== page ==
What’s in it for borrowers, developers and the housing market?
No-doubt spurred-on by analysis earlier in 2018 that revealed house-building across about 50% of England was slower than before the financial crash of 2008, the Chancellor revealed he’s providing more help for those struggling to get onto the property ladder and is attempting to deal with the shortage of housing within the UK. In his final budget before the UK leaves the EU, Philip Hammond delivered housing measures that are designed to help mark the end of austerity, including;
1. Help for first time buyers
Last Autumn the government eliminated stamp duty (a tax you need to pay if you buy property or land) for first-time buyers buying a home in the UK worth up to £300,000. This has already helped over 120,000.
This time the Chancellor has abolished stamp duty for first-time buyers of shared ownership properties worth up to £500,00, if the buyer purchases 25%-75% of a home and then rents the remaining percentage. This is backdated to anyone who bought a shared ownership property in the UK since last year’s budget. So, it’s estimated that around 200,000 people are in for an unexpected windfall.
2. The Help to Buy scheme is improved and extended to 2023
The Help to Buy scheme is a government scheme that was announced back in 2013, designed to help those struggling to get onto the property ladder or move up it due to having limited equity.
The scheme was intended to end in April 2021, but is now scheduled to end in April 2023, an extension of two years.
At the moment, to qualify for the Help to Buy scheme, the property price is capped at £250,000 outside London. But the revised scheme recognises the huge regional variations in house prices, so the maximum price of a Help to Buy house in the South East will be £437,600, but in the North East it will be £186,100.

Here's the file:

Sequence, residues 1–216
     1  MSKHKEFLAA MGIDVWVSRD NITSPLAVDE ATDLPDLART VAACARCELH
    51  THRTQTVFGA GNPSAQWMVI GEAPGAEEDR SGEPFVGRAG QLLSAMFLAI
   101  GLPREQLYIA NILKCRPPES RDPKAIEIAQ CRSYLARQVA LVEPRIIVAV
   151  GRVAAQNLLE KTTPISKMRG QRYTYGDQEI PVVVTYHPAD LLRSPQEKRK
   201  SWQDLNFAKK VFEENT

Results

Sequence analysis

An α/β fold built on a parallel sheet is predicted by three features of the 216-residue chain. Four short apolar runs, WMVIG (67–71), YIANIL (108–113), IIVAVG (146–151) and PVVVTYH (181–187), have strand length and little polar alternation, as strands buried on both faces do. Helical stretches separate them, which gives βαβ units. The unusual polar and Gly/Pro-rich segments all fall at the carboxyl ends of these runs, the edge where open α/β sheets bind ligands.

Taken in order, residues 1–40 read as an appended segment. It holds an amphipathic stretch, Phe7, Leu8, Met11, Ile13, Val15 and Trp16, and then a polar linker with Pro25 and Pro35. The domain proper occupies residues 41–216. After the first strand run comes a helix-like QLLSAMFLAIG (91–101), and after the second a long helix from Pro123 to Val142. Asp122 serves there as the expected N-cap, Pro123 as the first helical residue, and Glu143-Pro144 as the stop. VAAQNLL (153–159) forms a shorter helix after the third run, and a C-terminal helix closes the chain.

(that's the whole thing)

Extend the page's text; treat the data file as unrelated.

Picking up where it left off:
Extending and revising the scheme helps both first-time and house builders as they now have more certainty over there long-term planning. It’s hoped the measure will give house builders the confidence to build thousands of new homes.
3. Homes on the High Street
£1.5 billion is ear-marked for boosting our struggling High Streets. A portion of this money can be used by local councils to transform empty shops and commercial buildings on the High Street into much needed homes. Phil Hammond said,
“If British High Streets are to remain at the centre of our community life, they will need to adapt.”
The government has pledged to consult on how to make it more easy to convert commercial buildings into homes, a hint that perhaps planning permission will be eased around this.
It’s estimated that between 300,000 to 400,000 new homes could be added to the housing supply just by turning the empty space above many shops into homes.
4. An extra £500 million for the Housing infrastructure Fund
This is a fund that local councils can apply to ‘dip into’ to use as help with building homes. Experts believe that this could help build around 650,000 new homes.
5. Help for nine housing associations
The government has allocated £653 million to housing associations that should help see around 13,000 homes built throughout England.
6. Guarantees of up to £1bn for smaller house-builders
Although this was already announced earlier this week, the Chancellor confirmed in his Budget that the Government is setting-up a £3bn Home Building Fund. This is comprised of:
• £1bn of loans to be made available to smaller house builders to build 25,000 new homes before 2020
• £2bn to go on long-term funding for infrastructure, unlocking a pipeline of 200,000 new homes in the long-term, with the emphasis on developing brownfield sites.
If the Autumn 2018 Budget has encouraged you to get onto the property or up it, make sure you benefit from the expertise of a mortgage broker.
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